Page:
The Point Reyes and Olema Valley Historic Ranch Districts, located within Point Reyes National Seashore, are eligible for listing on the National Register of Historic Places. Yet today the future of these ranches is threatened by an uncertain future and a growing herd of free-ranging tule elk. To ensure the long-term survival of the ranches, those submitting scoping comments on the national seashore’s Ranch Management Plan and Environmental Assessment, due June 2, could urge the National Park Service to nominate these historic districts for World Heritage Site status.
The ranches in the seashore became an important food source for San Francisco after the Gold Rush, and they continue to supply quality dairy products to the Bay Area. More recently, they have provided a significant percentage of Marin’s agricultural production capacity and played a key part in what has become an international farm-to-table movement.
The UNESCO Convention on World Heritage Sites defines a Cultural Landscape as “a diversity of manifestations of the interaction between humankind and its natural environment.” The Olema Valley and Point Reyes ranches fall into the “continuing landscape” category, defined as “…one which retains an active social role in contemporary society closely associated with the traditional way of life, and in which the evolutionary process is still in progress. At the same time it exhibits significant material evidence of its evolution over time.”
Ranches at Point Reyes are among the few dairies left in California’s historic coastal dairying region, extending from Humboldt south through the Central Coast. Typically, the most successful dairies have often been located within five to ten miles of the shoreline, where frequent fog produces the best grass and the grazing season is long.
Olema and Point Reyes ranches are the only cluster of coastal California ranches on federal land. Tule elk ranging freely in the national seashore’s pastoral zone now pose an imminent threat to the viability of the dairy ranches the pastoral zone was created to protect. Ironically, the formerly threatened elk are now found on 22 sites throughout the state, with a combined population of over 4,000.
UNESCO’s guiding principles for managing World Heritage cultural landscapes include recognizing that “[p]eople associated with the cultural landscape are the primary stakeholders for stewardship”; that “[s]uccessful management… is shaped through dialogue and agreement among key stakeholders”; and that the focus of managing cultural landscapes should be “based on the interaction between people and their environment.”
Today’s seashore ranchers are the third, fourth and fifth generations on these lands. They not only have the history of the land in their blood, they are also actively engaged in developing environmentally sound agricultural practices and products to enable the ranches to be economically viable into the future. The histories of some of these founding families were described in a series of local articles from the 1990s, republished in Dave Mitchell’s recent “The Light on the Coast: 65 Years of News Big and Small as Reported in the Point Reyes Light.”
World Heritage Site status would better ensure continued ranching and farming on historically agricultural areas that have evolved over the last 150 years. It could both extend existing leases, and include re-leasing ranches that have recently gone out of production, such as D Ranch on Point Reyes and the Jewell and Wilkins Ranches in the Olema Valley.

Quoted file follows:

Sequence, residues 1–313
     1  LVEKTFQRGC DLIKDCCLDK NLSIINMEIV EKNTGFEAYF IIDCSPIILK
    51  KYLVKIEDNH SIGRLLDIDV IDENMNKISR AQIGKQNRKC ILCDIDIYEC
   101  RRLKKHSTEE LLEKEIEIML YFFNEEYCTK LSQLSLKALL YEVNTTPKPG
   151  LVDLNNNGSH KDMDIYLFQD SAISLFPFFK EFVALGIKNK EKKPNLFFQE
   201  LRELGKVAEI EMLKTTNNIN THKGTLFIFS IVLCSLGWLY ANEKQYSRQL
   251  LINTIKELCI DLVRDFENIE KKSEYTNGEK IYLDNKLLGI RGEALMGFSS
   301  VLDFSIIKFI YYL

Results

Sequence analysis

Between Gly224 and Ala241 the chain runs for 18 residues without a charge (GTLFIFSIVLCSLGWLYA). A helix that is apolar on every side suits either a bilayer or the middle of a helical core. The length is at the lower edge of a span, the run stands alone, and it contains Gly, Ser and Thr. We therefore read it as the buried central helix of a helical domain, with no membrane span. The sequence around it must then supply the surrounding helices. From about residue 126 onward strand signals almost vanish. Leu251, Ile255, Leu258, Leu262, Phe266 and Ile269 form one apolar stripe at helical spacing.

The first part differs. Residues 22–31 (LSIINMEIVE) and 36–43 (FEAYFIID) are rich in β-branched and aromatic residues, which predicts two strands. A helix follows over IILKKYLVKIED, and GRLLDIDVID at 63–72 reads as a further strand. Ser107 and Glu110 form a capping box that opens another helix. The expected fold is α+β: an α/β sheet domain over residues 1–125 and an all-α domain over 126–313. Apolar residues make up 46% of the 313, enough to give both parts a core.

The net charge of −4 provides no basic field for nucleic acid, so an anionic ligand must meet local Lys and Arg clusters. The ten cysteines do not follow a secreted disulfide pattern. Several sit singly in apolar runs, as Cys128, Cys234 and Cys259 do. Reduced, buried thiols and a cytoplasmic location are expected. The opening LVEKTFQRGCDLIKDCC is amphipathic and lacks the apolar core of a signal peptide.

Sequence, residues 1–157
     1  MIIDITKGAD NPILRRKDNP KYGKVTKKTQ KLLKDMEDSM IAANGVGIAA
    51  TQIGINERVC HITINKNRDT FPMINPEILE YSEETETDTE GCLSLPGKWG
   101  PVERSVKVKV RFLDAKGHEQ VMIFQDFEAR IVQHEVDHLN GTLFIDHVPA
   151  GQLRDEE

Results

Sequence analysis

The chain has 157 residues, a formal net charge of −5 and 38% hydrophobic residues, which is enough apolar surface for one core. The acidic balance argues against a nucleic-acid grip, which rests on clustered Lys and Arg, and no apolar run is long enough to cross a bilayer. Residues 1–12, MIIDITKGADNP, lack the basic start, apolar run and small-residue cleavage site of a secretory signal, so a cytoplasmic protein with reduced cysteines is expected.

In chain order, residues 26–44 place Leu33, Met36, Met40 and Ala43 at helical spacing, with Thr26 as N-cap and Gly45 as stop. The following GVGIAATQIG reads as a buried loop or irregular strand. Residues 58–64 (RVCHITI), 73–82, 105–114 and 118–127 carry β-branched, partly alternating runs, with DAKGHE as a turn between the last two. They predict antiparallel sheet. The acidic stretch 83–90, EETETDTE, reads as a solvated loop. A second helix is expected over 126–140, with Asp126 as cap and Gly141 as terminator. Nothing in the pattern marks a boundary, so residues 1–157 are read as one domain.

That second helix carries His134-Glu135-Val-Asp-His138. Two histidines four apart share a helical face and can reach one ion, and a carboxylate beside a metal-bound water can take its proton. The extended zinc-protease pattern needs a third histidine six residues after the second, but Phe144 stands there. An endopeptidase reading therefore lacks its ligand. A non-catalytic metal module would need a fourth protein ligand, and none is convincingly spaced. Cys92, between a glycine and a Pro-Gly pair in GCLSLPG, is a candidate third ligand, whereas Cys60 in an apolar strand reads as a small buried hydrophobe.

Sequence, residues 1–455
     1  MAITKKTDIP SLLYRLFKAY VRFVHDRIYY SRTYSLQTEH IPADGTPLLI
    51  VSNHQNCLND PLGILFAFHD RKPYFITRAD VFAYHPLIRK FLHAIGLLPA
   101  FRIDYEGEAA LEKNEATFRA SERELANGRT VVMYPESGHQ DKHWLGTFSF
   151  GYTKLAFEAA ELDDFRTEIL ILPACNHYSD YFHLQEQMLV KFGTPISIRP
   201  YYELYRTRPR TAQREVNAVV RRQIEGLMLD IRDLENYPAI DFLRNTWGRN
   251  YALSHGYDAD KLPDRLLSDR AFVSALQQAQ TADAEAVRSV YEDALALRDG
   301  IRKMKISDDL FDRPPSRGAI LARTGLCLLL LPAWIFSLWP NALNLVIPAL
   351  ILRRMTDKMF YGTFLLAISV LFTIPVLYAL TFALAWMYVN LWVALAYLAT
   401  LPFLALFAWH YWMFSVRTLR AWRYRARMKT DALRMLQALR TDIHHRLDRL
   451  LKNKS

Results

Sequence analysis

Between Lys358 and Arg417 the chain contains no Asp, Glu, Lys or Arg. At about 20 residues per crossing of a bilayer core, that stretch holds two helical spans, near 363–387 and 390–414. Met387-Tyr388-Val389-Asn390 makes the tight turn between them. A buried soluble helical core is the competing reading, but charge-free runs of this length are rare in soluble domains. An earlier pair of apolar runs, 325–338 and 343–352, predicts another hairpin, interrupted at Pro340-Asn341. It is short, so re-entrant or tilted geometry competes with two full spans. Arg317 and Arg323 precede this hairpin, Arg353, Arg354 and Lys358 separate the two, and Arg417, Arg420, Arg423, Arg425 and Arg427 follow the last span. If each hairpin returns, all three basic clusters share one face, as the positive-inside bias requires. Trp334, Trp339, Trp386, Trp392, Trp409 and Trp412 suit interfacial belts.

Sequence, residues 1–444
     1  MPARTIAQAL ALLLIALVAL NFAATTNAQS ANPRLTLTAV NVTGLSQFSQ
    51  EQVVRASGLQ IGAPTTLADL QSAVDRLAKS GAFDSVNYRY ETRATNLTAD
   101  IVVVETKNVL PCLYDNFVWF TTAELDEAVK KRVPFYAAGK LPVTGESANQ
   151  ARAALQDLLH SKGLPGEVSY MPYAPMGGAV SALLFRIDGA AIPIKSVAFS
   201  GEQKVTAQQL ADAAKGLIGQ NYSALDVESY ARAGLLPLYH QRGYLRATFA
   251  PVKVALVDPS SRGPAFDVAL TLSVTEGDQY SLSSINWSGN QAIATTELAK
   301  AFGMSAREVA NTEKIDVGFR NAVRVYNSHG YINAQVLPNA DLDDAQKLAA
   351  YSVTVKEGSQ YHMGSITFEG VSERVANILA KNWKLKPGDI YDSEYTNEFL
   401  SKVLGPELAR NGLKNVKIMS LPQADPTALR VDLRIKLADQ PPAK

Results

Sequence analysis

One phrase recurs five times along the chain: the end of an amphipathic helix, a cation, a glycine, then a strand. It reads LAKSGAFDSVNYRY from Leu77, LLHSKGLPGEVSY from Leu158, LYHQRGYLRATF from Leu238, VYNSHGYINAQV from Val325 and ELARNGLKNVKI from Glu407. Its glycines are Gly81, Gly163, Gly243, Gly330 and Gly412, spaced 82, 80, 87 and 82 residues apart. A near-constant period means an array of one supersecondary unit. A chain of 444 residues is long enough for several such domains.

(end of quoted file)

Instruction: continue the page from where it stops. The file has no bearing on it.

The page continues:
New long-term leasing regulations could be modeled on the Cuyahoga Valley National Park’s Countryside Initiative. Lessees would be supported in the continued adoption of farming practices considered to be ecologically sustainable, including organic and carbon-beneficial practices. In order to encourage a sustainable combination of agricultural land uses, a diversity of food and fiber crops would be allowed.
With Cuyahoga as precedent, the park service could lease the land directly to ranchers and enter into an agreement for day-to-day management by a nonprofit partner whose board could include farm advisors and other Marin ranchers. In the case of Cuyahoga, the nonprofit partner “provides technical information and guidance on sustainable agriculture, helps prioritize rehabilitation of farm properties, recruits and evaluates prospective farm lessees, and will evaluate and monitor each farm’s annual operation plan.”
To ensure the ecological integrity of the cultural landscape, invasive exotic species removal and native plant community enhancement efforts could also be expanded. Marine research facilities could be created in cooperation with the state Department of Fish and Wildlife to better understand the ecological role of historic aquaculture activities in Drakes Estero and protect the ocean surrounding the park in the face of rising sea levels and acidification. In addition, rangeland management plans could be co-developed between the lessees, the Natural Resource Conservation Service and park staff in an adaptive management approach to link agriculture and pastoralism to ecological stewardship, restoration and climate change resilience and mitigation.
Whether or not the Olema Valley and Point Reyes Historic Ranch Districts are ultimately designated World Heritage Cultural Landscapes, the park service should be urged to develop a ranch management plan consistent with principles guiding management of World Heritage Sites. This would enable the seashore to integrate the management of its ranchlands with the region’s natural resources and ecosystem processes, the county’s agriculture, the goals of Historic District preservation and the park service’s vision of cooperative community engagement.
Jeff Creque has worked in West Marin agriculture for over 35 years. He is currently the rangeland and agricultural ecosystem management director of the Carbon Cycle Institute (www.carboncycle.org).